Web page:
NCPA - National Center for Policy Analysis


October 19, 2004

The federal E-rate -- or, more precisely, the Schools and Libraries Universal Service Support Mechanism -- provides discounts to assist most schools and libraries in the United States to obtain affordable telecommunications and Internet access.

Like most large scale government giveaways, the E-rate program, which collects $2.5 billion a year in telephone taxes to hook up schools and libraries to the Internet, has produced a huge amount of fraud and abuse, say observers.

  • The Chicago public schools have more than $5 million in E-rate computer equipment sitting in a warehouse.
  • In San Francisco school officials discovered that a $68 million project should have cost less than $18 million.
  • Puerto Rico spent $101 million in federal grants to wire 1,500 schools to the Internet. Yet the district warehoused most of the equipment for more than three years, and only nine schools were actually connected to the Internet.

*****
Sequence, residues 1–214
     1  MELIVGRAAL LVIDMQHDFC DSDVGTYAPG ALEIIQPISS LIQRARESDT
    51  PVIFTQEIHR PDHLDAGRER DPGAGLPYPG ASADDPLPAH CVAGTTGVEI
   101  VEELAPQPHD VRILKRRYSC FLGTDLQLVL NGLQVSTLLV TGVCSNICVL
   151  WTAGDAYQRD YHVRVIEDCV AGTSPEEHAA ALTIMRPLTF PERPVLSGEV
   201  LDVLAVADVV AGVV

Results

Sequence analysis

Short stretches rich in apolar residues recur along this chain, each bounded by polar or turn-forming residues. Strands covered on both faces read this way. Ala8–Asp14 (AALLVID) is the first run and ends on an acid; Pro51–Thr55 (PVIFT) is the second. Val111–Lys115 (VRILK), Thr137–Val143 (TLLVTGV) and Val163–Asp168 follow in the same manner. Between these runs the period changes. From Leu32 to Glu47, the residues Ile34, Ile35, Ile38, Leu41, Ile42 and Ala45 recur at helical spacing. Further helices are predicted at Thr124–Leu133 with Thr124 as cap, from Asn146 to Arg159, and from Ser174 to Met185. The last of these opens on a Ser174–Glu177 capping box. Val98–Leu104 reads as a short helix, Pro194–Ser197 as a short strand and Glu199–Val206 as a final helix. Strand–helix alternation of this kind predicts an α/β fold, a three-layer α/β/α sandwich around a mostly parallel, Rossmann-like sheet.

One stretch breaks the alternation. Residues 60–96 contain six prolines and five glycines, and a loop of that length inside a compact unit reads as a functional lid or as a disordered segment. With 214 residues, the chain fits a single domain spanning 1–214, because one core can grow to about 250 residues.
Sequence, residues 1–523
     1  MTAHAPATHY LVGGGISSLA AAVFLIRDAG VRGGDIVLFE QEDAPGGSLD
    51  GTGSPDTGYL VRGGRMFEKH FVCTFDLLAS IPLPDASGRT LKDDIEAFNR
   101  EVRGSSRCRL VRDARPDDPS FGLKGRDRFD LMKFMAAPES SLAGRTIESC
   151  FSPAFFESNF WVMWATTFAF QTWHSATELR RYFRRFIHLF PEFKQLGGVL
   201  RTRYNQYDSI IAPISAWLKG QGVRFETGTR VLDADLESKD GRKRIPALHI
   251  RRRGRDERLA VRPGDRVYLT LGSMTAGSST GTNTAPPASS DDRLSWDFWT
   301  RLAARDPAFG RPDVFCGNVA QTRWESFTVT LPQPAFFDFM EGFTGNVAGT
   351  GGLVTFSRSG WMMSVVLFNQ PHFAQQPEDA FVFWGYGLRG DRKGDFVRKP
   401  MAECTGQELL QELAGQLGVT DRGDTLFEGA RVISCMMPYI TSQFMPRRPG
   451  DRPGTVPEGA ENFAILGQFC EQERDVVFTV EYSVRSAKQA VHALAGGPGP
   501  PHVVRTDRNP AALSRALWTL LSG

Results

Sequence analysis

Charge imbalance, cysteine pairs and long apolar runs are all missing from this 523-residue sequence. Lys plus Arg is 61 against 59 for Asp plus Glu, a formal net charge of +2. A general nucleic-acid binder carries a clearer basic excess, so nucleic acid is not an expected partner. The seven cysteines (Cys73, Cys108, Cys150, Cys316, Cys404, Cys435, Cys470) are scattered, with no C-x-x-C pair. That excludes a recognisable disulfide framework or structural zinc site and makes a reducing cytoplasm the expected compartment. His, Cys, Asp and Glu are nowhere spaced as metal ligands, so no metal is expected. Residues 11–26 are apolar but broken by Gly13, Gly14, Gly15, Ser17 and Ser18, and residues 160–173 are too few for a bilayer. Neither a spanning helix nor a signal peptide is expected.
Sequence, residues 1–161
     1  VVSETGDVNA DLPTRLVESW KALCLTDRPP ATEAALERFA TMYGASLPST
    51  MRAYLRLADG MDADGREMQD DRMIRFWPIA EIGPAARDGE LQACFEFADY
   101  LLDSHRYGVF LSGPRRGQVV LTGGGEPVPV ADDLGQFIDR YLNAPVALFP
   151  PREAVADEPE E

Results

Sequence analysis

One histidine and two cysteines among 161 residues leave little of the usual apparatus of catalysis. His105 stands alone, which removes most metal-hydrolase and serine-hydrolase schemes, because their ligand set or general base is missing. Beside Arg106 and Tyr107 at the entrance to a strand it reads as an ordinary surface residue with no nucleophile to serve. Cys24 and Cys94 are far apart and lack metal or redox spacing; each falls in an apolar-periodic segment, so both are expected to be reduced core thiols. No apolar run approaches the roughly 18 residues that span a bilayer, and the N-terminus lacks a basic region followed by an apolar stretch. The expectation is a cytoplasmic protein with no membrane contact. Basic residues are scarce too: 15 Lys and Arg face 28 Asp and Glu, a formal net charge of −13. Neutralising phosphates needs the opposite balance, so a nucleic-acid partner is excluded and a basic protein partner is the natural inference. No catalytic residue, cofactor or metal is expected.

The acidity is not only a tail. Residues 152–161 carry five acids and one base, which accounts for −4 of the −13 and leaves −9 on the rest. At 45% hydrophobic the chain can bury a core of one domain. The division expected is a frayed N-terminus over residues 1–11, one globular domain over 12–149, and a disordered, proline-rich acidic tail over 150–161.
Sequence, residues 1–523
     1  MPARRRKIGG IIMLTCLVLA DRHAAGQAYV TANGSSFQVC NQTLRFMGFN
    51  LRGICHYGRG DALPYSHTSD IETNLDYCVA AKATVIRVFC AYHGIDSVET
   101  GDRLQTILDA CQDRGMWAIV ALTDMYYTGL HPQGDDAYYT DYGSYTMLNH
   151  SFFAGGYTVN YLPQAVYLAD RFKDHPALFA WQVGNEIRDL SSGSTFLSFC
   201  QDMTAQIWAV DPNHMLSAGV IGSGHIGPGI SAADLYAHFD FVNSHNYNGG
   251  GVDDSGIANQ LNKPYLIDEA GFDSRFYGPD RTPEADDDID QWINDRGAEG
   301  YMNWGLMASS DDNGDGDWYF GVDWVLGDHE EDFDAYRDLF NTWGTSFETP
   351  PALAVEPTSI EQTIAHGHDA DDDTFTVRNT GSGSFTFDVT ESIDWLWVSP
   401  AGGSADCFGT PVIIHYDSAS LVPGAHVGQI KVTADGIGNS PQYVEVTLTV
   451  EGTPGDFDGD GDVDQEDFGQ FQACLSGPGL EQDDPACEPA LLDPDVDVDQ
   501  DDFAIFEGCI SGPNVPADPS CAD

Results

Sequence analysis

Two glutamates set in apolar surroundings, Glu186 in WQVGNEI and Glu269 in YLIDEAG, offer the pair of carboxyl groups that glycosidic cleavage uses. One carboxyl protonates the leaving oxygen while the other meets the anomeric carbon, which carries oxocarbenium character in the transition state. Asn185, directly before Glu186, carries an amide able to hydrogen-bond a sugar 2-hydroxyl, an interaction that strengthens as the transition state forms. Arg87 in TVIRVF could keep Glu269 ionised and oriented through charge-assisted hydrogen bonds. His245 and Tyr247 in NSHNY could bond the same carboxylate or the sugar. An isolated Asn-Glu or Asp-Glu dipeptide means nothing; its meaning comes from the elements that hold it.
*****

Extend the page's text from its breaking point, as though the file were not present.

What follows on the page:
• In June, the Federal Communications Commission reported that 42 criminal investigations were under way.

Large corporations have gained millions from E-rate. In May, NEC Business Network Solutions pleaded guilty to rigging bids at six school districts; the company will pay a $20.6 million fine.

In June, the New York Times revealed that El Paso school district paid IBM $35 million to build a network powerful enough to serve a small city. When the school district couldn't run the network, IBM charged it an additional $27 million to build a maintenance call-in center that was shut down after nine months when funding ran out.

The federal E-rate program, which enjoys congressional bipartisan support, has spent $13 billion to date. Legislators argue that, thanks to E-rate, 90 percent of schools now have access to the Internet.

Source: Lisa Snell, "School Net Scams," Reason, October, 2004.

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